Construction company uses adjustable risers for awkwardly sized manholes

July 05, 2018
ET Simonds manhole

Since 2006, adjustable manhole risers have been just right for a project detail that had previously been a bit of a hassle for E.T. Simonds Construction Company in Carbondale, Ill. “We do all sorts of road-related work, and of course we do a lot of paving jobs that require the raising of manholes to grade. Manhole sizes are mostly standard in our area and manufacturer risers are available,” said Kenny Brumleve, operations manager at Simonds. “But it’s not unusual to come across old utilities with odd rim sizes. If we couldn’t find the manufacturer, we’d be stuck.”

Before using the adjustable risers, Simonds would usually fall back on improvised manhole risers that they made themselves. “Our welding shop would come up with something—we’d add shims, or fabricate a new rim,” Brumleve explained. “But that would be tedious, and sometimes the quality was just good enough to get by."

A recent shopping center repaving project featured an unusually large, 40-in. diameter inlet. So Brumleve and his team used an American Highway Products (AHP) order form, which allows for very fine increments in riser height, diameter, and lid thickness, to order a new riser that was just right for the unusual manhole, and for the riser height of the proposed asphalt lift.

The AHP Pivoted Turnbuckle Manhole Risers are flexible rings made of galvanized steel. Because they are lightweight and custom-sized, a one-man crew can quickly insert them into original utility rims. A Phillips screwdriver is then used as a lever to crank the turnbuckle. The mechanical advantage afforded by the expansive turnbuckle is enough to exert 1,000s of pounds of force with just a few cranks, and that is more than enough leverage to seat the new riser in the old rim, tightly and permanently. The original lid is then replaced in the riser at the correct grade and profile so that there are no exposed pavement edges. Brumleve says the adjustability is a key feature. “Even if we don’t measure precisely, we can still slip the riser in and tighten it up with the turnbuckle.”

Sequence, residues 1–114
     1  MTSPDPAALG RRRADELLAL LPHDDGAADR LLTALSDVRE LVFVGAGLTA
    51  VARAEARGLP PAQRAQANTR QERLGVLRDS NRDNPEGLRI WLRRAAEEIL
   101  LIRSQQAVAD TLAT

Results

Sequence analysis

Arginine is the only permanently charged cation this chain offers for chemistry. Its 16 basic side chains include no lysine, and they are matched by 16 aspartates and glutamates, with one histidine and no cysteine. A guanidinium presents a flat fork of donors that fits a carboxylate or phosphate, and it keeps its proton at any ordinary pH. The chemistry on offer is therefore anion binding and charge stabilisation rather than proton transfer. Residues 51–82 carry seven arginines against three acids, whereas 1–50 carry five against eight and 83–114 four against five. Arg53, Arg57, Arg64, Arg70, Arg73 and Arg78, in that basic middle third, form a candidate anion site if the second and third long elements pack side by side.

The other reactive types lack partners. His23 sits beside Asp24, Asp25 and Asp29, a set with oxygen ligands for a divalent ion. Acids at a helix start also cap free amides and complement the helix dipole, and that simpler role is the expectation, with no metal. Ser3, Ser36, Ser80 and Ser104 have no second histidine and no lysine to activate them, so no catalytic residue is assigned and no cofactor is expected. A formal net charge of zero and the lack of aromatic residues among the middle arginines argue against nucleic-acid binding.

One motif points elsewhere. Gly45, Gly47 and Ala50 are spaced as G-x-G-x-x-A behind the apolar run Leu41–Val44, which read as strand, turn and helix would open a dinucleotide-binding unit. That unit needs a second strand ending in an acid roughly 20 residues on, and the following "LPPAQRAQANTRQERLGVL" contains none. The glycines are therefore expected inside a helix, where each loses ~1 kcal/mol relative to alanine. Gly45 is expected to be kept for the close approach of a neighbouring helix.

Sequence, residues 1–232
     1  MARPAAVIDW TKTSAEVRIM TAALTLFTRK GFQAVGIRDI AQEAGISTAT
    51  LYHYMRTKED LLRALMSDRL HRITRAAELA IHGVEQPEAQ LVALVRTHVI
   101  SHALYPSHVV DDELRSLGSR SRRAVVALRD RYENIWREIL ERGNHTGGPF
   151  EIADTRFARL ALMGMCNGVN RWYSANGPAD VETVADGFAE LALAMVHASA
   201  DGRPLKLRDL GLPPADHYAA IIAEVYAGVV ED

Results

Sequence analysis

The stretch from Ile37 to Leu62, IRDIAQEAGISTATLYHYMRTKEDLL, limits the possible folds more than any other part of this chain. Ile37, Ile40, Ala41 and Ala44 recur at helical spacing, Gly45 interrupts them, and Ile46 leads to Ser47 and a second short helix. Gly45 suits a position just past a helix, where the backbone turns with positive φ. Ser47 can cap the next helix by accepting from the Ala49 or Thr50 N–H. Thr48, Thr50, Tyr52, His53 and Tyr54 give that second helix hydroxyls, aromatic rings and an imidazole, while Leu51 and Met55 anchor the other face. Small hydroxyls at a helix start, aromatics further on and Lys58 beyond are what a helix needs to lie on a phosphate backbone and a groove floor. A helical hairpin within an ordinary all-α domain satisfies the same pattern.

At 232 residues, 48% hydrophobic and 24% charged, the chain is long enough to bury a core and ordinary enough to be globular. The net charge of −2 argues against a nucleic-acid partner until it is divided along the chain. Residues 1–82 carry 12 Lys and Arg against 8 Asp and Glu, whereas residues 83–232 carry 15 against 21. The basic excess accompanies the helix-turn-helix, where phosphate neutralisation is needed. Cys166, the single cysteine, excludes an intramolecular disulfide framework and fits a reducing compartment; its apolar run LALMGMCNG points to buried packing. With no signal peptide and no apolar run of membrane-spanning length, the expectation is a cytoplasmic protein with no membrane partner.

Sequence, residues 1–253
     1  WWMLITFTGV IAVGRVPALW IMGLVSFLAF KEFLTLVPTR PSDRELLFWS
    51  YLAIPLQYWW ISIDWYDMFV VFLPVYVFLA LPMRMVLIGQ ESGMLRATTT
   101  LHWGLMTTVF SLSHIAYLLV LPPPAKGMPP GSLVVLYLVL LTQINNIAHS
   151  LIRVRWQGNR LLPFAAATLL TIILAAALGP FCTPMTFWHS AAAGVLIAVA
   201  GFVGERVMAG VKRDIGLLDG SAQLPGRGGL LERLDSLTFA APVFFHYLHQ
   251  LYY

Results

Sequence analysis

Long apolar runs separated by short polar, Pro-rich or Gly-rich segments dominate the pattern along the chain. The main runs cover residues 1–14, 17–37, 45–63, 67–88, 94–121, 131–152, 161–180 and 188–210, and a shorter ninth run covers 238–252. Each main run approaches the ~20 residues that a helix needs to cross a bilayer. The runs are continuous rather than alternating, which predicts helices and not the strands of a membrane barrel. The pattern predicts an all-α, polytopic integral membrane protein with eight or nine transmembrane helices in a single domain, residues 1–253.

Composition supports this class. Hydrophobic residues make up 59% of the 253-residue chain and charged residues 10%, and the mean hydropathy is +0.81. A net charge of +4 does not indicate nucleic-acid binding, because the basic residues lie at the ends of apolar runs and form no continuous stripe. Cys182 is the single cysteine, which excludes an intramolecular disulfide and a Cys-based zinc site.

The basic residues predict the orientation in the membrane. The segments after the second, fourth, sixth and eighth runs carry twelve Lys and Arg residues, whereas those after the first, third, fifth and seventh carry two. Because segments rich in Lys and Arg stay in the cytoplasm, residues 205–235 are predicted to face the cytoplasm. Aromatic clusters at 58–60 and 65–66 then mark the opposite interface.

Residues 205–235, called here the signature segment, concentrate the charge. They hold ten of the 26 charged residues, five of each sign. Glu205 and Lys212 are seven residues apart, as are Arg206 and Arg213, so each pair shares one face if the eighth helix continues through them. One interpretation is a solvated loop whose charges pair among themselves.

The risers are quick to install, and fit naturally into most paving workflows. Simonds usually installs them immediately after a paving pass. “Before we pave, we go through and make sure that the lids can be popped out, and we clean the rims,” Brumleve says. “Then, after paving, we clear out the fresh pavement, install the riser, and replace the lid. The whole process takes about five minutes, with one man.”

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